The Trinity 1635, Jusepe de Ribera

That being said, is perceiving integrity, proportion, and radiance in an art work truly enough to see and know full Beauty? I don’t think so. I came across many descriptions of beauty from people in the art world that are similar to Nehamas’ quote in the last blog post. Some descriptions were almost other worldly, or transcendent.[1] The latter half of Elaine Scarry’s quote I used earlier ends with a description of Beauty’s immortality, “What is beautiful is in league with what is true because truth abides in the immortal sphere.”[2] If Truth is in the immortal sphere and Beauty is united with Truth then Beauty is also in the immortal sphere.

I have shown some characteristics of Beauty that have their foundations in Aquinas’ short exposition in the Summa. Maritain and his fellow “Neo-Thomists” base their perspectives on Aquinas, and even Fuglie, whom I’ve cited quite a bit, bases his thinking of Beauty on Aquinas. But, what is at the heart of Aquinas’ position on Beauty?

Christus-Ravenna icon

The context of Aquinas’ statements on Beauty is the 2nd person of the Trinity, the Christ, Jesus of Nazareth. Aquinas saw the source of Truth, Goodness and Beauty as a transcendent source, as well as a personal source, he thought the source was God. Aquinas’ Beauty is theologically based:

Comeliness or beauty bears a resemblance to the properties of the Son. Beauty must include three qualities; integrity or completeness – since things that lack something are thereby ugly; right proportion or harmony; and brightness – we call things bright in colour beautiful. Integrity is like the Son’s property, because he is a Son who in himself has the Father’s nature truly and fully…Right proportion is consonant with what is proper to the Son inasmuch as he is the express Image of the Father; thus we notice that any image is called beautiful if it represents a thing, even an ugly thing, faithfully…Brightness coincides with what is proper to the Son as he is the Word, the light and splendour of the mind.[3]

Aquinas’ definition of Beauty hinges on a belief in God. Beauty is something that is transcendent, bigger than us, beyond but not outside our understanding—rather like God.

Aquinas and the Neo-Thomist – when talking about Beauty – usually did so in concert with Truth and Goodness, together sometimes called the “transcendentals”. Both Truth and Goodness are characteristics usually attributed to God.[4] As I quoted von Balthasar earlier, he believed that the loss of Beauty paralleled a loss of knowing and doing what is good. He elaborated on the relationship of Truth, Goodness and Beauty:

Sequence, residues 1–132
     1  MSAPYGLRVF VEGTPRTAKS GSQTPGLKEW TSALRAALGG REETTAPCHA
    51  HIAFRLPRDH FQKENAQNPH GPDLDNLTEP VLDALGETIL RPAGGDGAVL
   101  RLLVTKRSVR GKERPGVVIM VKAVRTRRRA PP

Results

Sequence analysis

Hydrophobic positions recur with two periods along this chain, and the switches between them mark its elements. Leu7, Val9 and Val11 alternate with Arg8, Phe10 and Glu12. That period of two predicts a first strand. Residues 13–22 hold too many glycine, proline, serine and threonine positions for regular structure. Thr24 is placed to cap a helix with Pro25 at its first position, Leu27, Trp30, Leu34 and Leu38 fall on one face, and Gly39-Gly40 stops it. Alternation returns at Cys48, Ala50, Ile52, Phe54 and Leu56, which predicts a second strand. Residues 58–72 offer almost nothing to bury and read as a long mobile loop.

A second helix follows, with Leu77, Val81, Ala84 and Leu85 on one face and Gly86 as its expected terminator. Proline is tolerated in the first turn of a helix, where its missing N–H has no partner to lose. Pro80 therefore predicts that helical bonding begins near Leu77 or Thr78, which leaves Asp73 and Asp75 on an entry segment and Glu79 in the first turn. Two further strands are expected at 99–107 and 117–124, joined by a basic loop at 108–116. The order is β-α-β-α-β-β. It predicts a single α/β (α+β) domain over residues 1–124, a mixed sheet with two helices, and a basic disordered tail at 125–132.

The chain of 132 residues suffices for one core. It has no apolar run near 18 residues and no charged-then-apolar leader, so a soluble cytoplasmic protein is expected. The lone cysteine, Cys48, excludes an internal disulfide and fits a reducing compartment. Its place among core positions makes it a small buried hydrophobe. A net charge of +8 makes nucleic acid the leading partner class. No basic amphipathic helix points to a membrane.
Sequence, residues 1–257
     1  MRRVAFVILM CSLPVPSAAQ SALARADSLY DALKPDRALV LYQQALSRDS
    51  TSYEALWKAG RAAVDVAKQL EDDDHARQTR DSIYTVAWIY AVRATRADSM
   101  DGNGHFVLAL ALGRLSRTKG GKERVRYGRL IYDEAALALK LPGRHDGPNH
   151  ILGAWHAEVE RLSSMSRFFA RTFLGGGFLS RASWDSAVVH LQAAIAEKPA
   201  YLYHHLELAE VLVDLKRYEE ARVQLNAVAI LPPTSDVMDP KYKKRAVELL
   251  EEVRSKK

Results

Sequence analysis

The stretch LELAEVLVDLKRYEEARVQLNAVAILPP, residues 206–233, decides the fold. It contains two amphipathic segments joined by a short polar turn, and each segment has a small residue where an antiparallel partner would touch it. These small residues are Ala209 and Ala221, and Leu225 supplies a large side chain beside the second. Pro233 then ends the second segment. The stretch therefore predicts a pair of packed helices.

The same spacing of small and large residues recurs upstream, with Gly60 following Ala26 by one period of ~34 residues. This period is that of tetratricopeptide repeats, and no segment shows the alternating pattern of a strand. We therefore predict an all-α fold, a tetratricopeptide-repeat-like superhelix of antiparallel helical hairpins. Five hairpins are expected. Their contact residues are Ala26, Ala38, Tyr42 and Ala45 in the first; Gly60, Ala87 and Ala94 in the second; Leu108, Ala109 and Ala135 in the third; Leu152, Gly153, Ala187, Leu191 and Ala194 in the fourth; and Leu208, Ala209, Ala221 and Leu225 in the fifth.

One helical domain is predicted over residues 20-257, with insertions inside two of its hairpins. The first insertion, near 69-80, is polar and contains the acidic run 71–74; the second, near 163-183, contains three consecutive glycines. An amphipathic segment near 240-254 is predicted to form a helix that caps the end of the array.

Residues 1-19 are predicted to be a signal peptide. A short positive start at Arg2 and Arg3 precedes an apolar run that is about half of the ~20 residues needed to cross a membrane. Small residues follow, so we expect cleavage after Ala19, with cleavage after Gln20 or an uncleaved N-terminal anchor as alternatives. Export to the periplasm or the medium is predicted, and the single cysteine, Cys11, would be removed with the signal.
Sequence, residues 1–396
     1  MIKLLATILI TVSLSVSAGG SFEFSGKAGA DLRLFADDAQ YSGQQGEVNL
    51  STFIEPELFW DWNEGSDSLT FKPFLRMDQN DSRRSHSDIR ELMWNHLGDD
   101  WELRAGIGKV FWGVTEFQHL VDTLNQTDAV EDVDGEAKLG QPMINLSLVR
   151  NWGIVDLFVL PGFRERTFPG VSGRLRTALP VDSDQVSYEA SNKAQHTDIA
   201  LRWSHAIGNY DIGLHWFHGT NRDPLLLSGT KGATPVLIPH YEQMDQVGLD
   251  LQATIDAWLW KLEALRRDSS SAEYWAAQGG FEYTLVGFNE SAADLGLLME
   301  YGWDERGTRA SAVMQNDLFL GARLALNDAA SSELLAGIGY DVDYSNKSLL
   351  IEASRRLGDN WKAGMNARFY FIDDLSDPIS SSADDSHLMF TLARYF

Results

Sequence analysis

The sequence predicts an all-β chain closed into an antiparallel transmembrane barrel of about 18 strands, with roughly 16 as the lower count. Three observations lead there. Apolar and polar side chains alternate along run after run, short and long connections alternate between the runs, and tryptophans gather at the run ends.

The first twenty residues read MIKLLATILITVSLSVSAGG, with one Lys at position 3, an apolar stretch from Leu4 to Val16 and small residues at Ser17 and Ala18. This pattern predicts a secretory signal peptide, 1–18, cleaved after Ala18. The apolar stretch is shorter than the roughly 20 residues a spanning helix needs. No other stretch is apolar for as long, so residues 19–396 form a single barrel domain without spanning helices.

Beauty…dances as an uncontained splendour around the double constellation of the true and the good and their inseparable relation to one another. Beauty is the disinterested one, without which the ancient world refused to understand itself, a word which both imperceptibly and yet unmistakably has bid farewell to our new world, a world of interests, leaving it to its own avarice and sadness. No longer loved or fostered by religion, beauty is lifted from its face like a mask, and its absence exposes features on that face which threaten to become incomprehensible to man. We no longer dare believe in beauty and we make of it a mere appearance in order to more easily dispose of it. Our situation today shows that beauty demands for itself at least as much courage and decision as do truth and goodness, and she will not allow herself to be separated and banned from her two sisters without taking them along with herself in an act of mysterious vengeance. We can be sure that whoever sneers at her name as if she were the ornament of a bourgeois past – whether he admits it or not – can no longer pray and soon will no longer be able to love.

Von Balthasar’s warning about Beauty—though directed at religion (the church)—could also caution the art world. This is why Truth and Goodness are important—because Beauty is important. Scarry called Beauty sacred, unprecedented and lifesaving—three characteristics that seem very close to describing God.[5] This is why theology needs to participate in reforming the art world’s concept and content about Beauty, and why the church and the art world need to be in dialogue.

[1] See Arthur C Danto’s works, and Dave Hickey’s, The Invisible Dragon,

[2] Scarry, On Beauty and Being Just

[3] Aquinas, Summa Theolgica

[4] For Goodness see: Genesis 50:20, Ezra 8:18, Mark 10:18, Luke 18:19; For Truth see: I Kings 17:24, Psalm 25:5, Psalm 51:6, John 1:14 & 14:6

[5] Elaine Scarry, On Beauty and Being Just